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עמוד בית
Thu, 18.04.24

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July 2023
Maayan Diti Machnes MD, Herman Avner Cohen MD, Maya Gerstein MD, Yiska Loewenberg Weisband MD, Moriya Cohen MD, Moshe Hoshen PhD, Vered Shkalim Zemer MD

Background: Group A Streptococcus (GAS), the predominant bacterial pathogen of pharyngitis, is sometimes difficult to distinguish clinically from viral pharyngitis. Despite the high prevalence of viral pharyngitis in children, antibiotic treatment is common.

Objective: To investigate the effectiveness of an antibiotic stewardship program (ASP) on antibiotic prescription in children with GAS pharyngitis (GAS-P) at a large pediatric community clinic.

Methods: Antibiotic prescription data were collected from October 2016 to March 2017 (pre-intervention period) and from October 2017 to March 2018 (post-intervention period). The intervention was a one-day seminar for primary care pediatricians on the diagnosis and treatment of GAS-P in children according to national guidelines.

Results: The overall prevalence of testing differed between the two time periods. There was a decrease in children who did not undergo any testing (from 68% to 63%), an increase in streptococcal rapid antigen detection testing (28% to 32%), and a slight increase in throat cultures (3% to 4%) (p = 0.02). There was no change in the types of antibiotics prescribed before and after the intervention (p = 0.152).

Conclusions: The ASP resulted in a slight reduction in the percentage of children who did not undergo laboratory testing for GAS-P and a slight reduction in the percentage of children who received antibiotic treatment. The ASP did not reduce the use of broad-spectrum antibiotics and macrolides.

May 2022
Herman Avner Cohen MD, Maya Gerstein MD, Vered Shkalim Zemer MD, Sophia Heiman MD, Yael Richenberg MD, Eyal Jacobson MD, and Oren Berkowitz PhD PA-C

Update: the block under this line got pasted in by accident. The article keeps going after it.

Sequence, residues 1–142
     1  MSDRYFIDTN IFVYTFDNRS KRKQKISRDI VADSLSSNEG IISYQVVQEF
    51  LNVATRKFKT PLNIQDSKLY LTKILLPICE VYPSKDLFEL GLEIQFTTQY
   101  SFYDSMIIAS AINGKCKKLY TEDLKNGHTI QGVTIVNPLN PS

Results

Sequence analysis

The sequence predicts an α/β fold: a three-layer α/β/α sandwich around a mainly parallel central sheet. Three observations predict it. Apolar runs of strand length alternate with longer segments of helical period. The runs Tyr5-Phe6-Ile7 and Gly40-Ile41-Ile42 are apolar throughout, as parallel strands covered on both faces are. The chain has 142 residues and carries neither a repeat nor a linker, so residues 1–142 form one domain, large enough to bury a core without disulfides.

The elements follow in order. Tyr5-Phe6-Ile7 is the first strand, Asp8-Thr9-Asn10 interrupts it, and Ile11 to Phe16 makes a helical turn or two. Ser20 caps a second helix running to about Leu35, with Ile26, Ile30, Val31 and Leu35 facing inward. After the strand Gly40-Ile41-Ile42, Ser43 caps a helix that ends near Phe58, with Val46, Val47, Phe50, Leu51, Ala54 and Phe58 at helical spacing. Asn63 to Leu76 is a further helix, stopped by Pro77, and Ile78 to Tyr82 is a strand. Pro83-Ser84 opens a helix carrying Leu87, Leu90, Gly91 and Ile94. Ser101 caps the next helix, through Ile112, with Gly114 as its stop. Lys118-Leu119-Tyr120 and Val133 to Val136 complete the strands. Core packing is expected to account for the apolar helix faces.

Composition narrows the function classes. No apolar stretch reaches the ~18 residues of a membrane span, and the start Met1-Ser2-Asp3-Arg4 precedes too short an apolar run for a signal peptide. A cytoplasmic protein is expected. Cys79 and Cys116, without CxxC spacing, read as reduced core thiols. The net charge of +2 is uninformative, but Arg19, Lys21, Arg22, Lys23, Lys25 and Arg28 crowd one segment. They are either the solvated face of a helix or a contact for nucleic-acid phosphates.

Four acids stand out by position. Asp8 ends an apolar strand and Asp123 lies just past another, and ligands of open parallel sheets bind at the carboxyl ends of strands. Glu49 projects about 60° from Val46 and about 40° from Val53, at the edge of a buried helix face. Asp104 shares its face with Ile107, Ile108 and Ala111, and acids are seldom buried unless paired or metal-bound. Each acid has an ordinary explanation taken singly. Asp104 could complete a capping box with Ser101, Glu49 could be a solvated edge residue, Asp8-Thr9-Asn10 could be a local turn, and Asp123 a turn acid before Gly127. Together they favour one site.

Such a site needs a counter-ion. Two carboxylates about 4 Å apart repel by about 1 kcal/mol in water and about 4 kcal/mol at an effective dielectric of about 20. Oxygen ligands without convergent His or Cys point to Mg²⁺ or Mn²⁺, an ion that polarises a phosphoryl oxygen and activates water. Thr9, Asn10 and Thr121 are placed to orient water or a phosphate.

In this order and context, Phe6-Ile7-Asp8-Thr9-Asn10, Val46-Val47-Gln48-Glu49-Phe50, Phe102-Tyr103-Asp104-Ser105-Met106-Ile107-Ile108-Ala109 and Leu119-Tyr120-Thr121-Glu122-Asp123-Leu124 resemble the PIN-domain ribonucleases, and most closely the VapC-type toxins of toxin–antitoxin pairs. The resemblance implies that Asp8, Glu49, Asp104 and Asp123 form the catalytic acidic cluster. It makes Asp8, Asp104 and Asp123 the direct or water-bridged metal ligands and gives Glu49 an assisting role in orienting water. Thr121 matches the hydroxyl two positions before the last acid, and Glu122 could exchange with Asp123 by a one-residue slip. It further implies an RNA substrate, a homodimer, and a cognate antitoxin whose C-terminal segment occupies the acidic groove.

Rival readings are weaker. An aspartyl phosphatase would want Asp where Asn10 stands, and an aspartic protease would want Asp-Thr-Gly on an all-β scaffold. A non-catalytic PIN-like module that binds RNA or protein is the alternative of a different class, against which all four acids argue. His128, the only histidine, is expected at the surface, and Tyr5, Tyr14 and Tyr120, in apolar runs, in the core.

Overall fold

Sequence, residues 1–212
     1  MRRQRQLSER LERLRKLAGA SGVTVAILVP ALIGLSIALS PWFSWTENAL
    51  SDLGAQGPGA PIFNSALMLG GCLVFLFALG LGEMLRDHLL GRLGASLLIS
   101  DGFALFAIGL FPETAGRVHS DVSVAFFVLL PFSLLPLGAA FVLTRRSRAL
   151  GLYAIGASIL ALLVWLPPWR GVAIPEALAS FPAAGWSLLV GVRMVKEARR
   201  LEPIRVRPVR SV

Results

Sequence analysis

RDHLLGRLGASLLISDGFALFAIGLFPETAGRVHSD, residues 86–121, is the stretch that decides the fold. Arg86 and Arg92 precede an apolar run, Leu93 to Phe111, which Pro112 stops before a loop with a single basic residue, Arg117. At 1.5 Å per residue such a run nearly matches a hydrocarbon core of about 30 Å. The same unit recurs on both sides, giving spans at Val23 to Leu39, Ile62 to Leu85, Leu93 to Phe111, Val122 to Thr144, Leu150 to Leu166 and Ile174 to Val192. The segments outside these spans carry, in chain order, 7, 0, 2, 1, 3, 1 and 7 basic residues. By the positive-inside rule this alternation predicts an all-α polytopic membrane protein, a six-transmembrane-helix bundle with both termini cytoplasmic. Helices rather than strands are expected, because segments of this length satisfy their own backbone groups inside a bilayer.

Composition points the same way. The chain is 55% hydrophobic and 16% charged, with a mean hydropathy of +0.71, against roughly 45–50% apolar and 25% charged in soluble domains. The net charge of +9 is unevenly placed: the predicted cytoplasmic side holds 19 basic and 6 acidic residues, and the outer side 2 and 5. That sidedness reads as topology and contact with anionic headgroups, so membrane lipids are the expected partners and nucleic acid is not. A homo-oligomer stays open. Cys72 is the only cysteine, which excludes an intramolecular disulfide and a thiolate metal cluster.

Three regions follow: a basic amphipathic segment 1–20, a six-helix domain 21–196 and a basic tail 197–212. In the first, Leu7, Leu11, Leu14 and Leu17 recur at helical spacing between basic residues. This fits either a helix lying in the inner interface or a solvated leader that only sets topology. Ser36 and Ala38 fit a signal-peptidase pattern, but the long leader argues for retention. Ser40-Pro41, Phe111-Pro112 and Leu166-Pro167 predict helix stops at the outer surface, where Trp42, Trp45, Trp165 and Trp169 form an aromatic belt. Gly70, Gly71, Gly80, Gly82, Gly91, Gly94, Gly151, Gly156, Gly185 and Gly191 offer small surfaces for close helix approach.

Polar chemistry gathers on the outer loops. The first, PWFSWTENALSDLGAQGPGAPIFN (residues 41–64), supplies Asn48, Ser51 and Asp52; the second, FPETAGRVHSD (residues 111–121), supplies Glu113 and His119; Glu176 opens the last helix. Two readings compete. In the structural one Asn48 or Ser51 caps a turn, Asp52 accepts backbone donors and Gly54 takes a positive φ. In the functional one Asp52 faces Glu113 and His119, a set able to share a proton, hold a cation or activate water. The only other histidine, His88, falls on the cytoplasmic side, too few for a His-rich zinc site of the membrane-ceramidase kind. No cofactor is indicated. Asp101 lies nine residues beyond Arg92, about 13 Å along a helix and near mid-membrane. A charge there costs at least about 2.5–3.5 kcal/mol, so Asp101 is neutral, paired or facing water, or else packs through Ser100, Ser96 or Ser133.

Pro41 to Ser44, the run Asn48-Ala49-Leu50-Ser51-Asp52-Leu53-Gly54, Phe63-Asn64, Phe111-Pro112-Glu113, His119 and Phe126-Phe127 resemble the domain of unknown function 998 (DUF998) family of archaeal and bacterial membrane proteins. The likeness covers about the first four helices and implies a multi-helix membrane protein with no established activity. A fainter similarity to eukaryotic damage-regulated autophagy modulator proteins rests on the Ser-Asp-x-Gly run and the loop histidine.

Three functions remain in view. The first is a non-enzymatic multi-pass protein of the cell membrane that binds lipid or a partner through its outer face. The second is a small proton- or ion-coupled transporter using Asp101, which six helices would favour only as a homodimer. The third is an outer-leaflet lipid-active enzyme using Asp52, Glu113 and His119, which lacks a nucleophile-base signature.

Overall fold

Background: On 18 March 2020, the Israeli Health Ministry issued lockdown orders to mitigate the spread of coronavirus disease 2019 (COVID-19).

Objectives: To assess the association of lockdown orders on telemedicine practice and the effect of social distancing on infectious diseases in a primary care community pediatric clinic as well as the rate of referrals to emergency departments (ED) and trends of hospitalization.

Methods: Investigators performed a retrospective secondary data analysis that screened for visits in a large pediatric center from 1 January to 31 May 2020. Total visits were compared from January to December 2020 during the same period in 2019. Visits were coded during the first lockdown as being via telemedicine or in-person, and whether they resulted in ED referral or hospitalization. Month-to-month comparisons were performed as well as percent change from the previous year.

Results: There was a sharp decline of in-person visits (24%) and an increase in telemedicine consultations (76%) during the first lockdown (p < 0.001). When the lockdown restrictions were eased, there was a rebound of 50% in-person visits (p < 0.05). There was a profound decrease of visits for common infectious diseases during the lockdown period. Substantial decreases were noted for overall visits, ED referrals, and hospitalizations in 2020 compared to 2019.

Conclusions: COVID-19 had a major impact on primary care clinics, resulting in fewer patient-doctor encounters, fewer overall visits, fewer ED referrals, and fewer hospitalizations

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